For Immediate Release:
November 18, 2021
Moira Colley 202-483-7382
Guwahati, Assam, India – It’s illegal to kill dogs and wildlife for meat in India—but a new PETA India video recorded in meat markets in northeast India reveals a bustling dog- and wildlife-meat trade. Puppies bark inside cages, while adult dogs with their mouths tied shut are confined to burlap sacks. After the dogs have been sold and killed, vendors remove their internal organs and char their bodies with a blowtorch.
Other live or dead animals at markets included eels, mice, frogs, deer, wild boar, and birds. Sellers butchered animals without gloves, and buyers routinely handled dead animals in the same way—conditions that risk disease transmission. COVID-19 is largely believed by experts to have stemmed or spread from a live-animal market, and SARS, swine flu, and bird flu have also been linked to the practice of confining and killing animals for food.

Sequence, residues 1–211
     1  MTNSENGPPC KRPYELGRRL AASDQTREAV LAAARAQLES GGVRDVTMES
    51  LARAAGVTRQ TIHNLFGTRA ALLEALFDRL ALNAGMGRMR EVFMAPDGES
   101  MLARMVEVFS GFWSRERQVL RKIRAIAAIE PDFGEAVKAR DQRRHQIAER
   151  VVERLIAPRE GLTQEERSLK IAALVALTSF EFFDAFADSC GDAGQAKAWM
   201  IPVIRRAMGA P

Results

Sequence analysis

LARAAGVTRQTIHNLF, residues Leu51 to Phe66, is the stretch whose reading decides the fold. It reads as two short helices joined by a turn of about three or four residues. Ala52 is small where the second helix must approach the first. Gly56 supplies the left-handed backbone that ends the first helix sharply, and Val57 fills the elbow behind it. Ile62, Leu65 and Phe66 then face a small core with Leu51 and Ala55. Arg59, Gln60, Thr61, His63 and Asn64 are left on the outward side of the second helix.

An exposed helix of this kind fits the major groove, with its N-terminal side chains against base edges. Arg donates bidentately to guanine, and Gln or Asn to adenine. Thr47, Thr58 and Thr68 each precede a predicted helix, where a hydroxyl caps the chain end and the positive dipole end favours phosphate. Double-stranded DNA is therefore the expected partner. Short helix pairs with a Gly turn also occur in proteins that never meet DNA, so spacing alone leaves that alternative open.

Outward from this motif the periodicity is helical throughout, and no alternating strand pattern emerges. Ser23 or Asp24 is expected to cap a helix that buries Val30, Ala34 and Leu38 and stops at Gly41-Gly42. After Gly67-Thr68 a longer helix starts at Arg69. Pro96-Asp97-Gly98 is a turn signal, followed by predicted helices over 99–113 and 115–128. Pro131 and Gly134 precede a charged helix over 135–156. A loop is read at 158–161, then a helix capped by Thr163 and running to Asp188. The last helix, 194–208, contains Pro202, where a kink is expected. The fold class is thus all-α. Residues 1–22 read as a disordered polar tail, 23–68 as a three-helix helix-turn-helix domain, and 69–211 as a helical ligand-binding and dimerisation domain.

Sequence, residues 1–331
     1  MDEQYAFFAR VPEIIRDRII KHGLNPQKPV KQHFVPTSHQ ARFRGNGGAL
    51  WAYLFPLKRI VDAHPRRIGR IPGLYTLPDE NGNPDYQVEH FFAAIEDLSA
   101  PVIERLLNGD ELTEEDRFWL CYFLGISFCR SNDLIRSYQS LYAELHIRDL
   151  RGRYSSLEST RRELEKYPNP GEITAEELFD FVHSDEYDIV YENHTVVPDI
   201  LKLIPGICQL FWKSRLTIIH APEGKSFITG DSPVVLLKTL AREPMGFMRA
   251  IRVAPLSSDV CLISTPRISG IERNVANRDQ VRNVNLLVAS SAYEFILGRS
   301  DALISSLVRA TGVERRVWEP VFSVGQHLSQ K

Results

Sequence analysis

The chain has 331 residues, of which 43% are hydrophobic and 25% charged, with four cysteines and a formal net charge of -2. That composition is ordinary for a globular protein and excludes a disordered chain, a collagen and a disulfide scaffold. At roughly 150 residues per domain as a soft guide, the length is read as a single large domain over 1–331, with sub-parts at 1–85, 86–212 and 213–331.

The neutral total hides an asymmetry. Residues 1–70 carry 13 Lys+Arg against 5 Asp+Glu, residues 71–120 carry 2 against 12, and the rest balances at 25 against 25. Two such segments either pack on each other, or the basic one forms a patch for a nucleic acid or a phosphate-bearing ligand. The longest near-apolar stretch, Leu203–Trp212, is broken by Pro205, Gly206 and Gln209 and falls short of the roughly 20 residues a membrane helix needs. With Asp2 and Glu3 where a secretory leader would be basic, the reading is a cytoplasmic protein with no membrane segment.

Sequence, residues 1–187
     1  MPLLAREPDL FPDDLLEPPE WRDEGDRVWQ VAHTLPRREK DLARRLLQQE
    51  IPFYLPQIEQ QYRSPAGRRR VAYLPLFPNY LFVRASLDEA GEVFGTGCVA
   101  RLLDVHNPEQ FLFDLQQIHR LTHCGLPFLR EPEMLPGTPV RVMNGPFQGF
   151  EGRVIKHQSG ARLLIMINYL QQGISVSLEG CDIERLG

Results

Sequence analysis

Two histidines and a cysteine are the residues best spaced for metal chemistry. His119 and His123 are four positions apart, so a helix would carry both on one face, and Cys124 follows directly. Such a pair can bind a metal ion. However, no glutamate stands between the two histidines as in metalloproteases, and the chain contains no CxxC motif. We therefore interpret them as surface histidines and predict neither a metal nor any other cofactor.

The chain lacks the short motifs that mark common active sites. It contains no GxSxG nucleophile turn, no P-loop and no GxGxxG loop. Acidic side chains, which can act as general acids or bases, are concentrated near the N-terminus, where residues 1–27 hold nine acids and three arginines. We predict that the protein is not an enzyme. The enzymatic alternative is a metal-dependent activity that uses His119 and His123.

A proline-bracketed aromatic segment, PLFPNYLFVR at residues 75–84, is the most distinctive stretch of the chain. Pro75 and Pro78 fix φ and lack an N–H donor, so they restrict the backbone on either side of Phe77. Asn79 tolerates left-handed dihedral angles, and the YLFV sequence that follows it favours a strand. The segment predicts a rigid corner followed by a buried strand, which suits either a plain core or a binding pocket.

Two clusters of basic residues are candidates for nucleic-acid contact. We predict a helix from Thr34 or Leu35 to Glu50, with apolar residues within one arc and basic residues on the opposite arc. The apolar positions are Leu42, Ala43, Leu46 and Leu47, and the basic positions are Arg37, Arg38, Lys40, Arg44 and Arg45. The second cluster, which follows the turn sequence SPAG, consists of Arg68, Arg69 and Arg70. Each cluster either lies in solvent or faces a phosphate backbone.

“Whether they sell dogs in Dimapur or birds in Brooklyn, filthy live-animal markets are hotbeds of suffering and petri dishes for pandemics,” says PETA Executive Vice President Tracy Reiman. “PETA is urging the World Health Organization to call for an end to these cruel and dangerous markets in the U.S. and abroad and is asking everyone disturbed by this footage to go vegan.”
PETA India has filed complaints and alerted local authorities to the markets.
PETA—whose motto reads, in part, that “animals are not ours to eat”—opposes speciesism, a human-supremacist worldview. For more information about PETA’s investigative newsgathering and reporting, please visit PETA.org or follow the group on Twitter, Facebook, or Instagram.